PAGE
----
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Pineal region tumours are cancers of the pineal gland in the brain, or the tissues surrounding it. The pineal gland is a small, pea-shaped organ in the centre of the brain that is responsible for the production and secretion of melatonin (which is more commonly known as the sleep hormone) in dark settings. Its primary functions are to regulate your 24-hour internal body clock (or circadian rhythm), as well as assisting with the initiation and maintenance of sleep. 

The development of a pineal region tumour can result in blockages of cerebrospinal fluid (CSF), which provides protection, nourishment and waste removal in the central nervous system (CNS). The CNS is responsible for all sensory and motor functions in the body, and is composed of the brain and the spinal cord. 

Pineal region tumours are more common in males, and tend to occur more in children and young adults. However, anyone can develop this disease.

Types of Pineal Region Tumours

There are three main types of pineal region tumours, which are classified by the types of cells the cancer originates from.

Germ Cell Tumours 

Germ cell tumours (GCTs) are cancers that develop from germ cells, the biological cells that develop into the gametes (or reproductive cells), such as the ovum and sperm. In most cases, GCTs in the pineal gland region are germinomas.  However, they can also develop as nongerminomatous GCTs, which include:

  • Embryonal carcinomas.
  • Choriocarcinomas.
  • Teratomas.
  • Endodermal sinus tumours (also known as yolk sac tumours). 
  • Mixed tumours (tumours with features of different GCTs). 

For more information on GCTs in the brain, please refer to the Rare Cancers Australia Germ Cell Tumours (Intracranial) page. 


Gliomas are a type of brain tumour that start in the glial cells of the CNS. Glial cells (or glia) provide structural and physiological support to neurons in the CNS. There are three types of glial cells:

  • Astrocytes – tumours that start from astrocytes are called astrocytomas or glioblastomas.
  • Oligodendrocytes – tumours that start from oligodendrocytes are called oligodendrogliomas.
  • Ependymal cells – tumours that start from ependymal cells are called ependymomas

Gliomas may occur in or around the pineal gland.

Pineal Gland Tumours

Pineal gland tumours originate from pinealocytes (also known as parenchymal cells), which are the main cells of the pineal gland. These cells responsible for the production and secretion of melatonin in the body. There are four primary types of pineal gland tumours.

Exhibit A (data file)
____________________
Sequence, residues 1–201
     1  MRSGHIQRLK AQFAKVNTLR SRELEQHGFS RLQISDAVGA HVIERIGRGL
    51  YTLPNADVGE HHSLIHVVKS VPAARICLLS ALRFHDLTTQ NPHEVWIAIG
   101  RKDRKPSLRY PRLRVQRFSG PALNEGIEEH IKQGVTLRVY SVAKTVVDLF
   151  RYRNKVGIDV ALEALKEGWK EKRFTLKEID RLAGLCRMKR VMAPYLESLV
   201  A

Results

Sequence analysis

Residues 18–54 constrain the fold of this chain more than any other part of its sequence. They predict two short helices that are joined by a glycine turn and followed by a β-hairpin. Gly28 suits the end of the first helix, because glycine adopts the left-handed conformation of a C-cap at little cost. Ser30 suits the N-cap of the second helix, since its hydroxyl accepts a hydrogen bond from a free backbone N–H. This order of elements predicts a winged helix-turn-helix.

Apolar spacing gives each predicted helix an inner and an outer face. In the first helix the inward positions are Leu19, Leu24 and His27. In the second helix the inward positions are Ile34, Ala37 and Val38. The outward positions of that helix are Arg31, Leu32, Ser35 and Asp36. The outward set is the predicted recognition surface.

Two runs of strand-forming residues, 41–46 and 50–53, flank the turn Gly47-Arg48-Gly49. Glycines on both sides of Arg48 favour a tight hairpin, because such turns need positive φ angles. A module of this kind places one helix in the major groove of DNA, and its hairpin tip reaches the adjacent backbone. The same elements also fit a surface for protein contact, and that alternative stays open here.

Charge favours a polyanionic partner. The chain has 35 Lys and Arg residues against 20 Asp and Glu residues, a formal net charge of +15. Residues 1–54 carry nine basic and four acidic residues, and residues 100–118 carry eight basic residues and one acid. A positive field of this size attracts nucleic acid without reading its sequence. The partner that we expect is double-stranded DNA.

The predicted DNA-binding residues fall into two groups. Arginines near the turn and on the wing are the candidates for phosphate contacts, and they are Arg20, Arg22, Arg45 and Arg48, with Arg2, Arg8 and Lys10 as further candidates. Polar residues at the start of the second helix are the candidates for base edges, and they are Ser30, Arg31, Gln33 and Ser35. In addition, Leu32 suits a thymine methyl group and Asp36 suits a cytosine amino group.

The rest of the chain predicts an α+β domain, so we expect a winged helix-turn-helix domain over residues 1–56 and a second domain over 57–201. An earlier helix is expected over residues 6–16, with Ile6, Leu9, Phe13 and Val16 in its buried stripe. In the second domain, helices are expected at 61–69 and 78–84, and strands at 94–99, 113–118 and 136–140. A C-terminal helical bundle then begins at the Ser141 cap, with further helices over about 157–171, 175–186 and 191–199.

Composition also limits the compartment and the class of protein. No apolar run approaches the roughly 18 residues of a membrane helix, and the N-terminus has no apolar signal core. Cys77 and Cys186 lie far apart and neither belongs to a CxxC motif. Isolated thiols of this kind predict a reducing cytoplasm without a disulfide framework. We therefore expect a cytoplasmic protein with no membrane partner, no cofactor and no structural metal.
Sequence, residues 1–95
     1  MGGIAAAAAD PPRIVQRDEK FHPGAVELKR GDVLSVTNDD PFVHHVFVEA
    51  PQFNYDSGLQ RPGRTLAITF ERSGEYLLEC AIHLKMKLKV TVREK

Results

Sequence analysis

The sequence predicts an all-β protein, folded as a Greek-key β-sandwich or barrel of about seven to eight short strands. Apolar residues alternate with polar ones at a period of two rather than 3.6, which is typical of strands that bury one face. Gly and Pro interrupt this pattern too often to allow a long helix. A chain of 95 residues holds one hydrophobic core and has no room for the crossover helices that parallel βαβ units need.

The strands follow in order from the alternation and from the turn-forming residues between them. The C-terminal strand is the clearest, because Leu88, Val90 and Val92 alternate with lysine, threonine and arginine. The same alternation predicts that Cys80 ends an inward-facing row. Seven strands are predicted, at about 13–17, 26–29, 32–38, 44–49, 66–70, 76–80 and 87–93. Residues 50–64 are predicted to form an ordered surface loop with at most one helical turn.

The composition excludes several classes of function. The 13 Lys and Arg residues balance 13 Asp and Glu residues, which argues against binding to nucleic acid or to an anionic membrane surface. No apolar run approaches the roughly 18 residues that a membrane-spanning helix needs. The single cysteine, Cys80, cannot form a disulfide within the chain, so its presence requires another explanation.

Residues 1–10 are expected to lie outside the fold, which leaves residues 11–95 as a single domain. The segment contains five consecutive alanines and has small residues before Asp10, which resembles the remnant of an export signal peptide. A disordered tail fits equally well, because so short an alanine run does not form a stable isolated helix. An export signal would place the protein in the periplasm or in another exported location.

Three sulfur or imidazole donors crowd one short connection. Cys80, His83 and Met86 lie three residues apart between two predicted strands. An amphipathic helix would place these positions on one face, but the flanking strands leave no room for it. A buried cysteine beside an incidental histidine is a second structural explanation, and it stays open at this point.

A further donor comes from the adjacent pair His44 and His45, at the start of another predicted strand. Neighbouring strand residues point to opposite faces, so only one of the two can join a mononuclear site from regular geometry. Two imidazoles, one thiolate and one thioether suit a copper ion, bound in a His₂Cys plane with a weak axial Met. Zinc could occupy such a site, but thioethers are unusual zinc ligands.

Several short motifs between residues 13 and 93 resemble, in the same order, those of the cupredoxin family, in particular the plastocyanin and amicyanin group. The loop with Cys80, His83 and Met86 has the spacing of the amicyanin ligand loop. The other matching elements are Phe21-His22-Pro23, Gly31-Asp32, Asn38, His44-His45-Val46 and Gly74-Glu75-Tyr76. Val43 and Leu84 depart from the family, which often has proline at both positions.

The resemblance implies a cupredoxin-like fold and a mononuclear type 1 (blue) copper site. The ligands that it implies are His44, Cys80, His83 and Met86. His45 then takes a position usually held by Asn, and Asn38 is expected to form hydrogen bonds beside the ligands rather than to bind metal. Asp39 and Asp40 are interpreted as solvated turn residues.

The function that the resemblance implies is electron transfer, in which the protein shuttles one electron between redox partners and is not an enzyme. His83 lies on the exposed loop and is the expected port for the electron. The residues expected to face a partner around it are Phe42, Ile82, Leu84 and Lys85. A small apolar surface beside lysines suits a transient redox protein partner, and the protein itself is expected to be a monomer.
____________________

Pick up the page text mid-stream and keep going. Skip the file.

Pineocytomas are very rare tumours that are often classified as grade I (unlikely to metastasise). Unlike most pineal region tumours, pineocytomas are most commonly diagnosed in women and adults between the ages of 30-60 years old. These tumours are usually slow-growing and non-aggressive. The prognosis for pineocytomas is often excellent.

Pineal Parenchymal Tumours of Intermediate Differentiation

Pineal parenchymal tumours of intermediate differentiation are very rare tumours that are often classified as grade II or grade III. This type of tumour has features of both pineocytomas and pineoblastomas. They are more common in women, and people between the ages of 20-70. While these tumours can be aggressive, they can have a good prognosis when caught early.

Papillary Tumours of the Pineal Region

Papillary tumours of the pineal region are very rare tumours that are often classified as grade II or grade III. In some cases, papillary tumours in the pineal region are indistinguishable from pineocytomas or normal pinealocytes.  The ages that this tumour is often found ranges from 15 months to 67 years, and there have been few cases of this disease reported. In some cases, this cancer is likely to recur and can be aggressive.


Pineoblastomas are rare and aggressive tumours that are usually classified as grade IV (likely to metastasise). They are the most common type of pineal gland tumour, and mostly affect children under the age of two. Pineoblastomas are extremely aggressive, and may not carry as good of a prognosis as other pineal region tumours.


If a pineal region tumour is detected, it will be graded based on size, metastasis (whether the cancer has spread to other parts of the body) and how the cancer cells look under the microscope. Unlike most cancers, cancers in the brain are not staged, only graded. Grading helps your doctors determine the best treatment for you.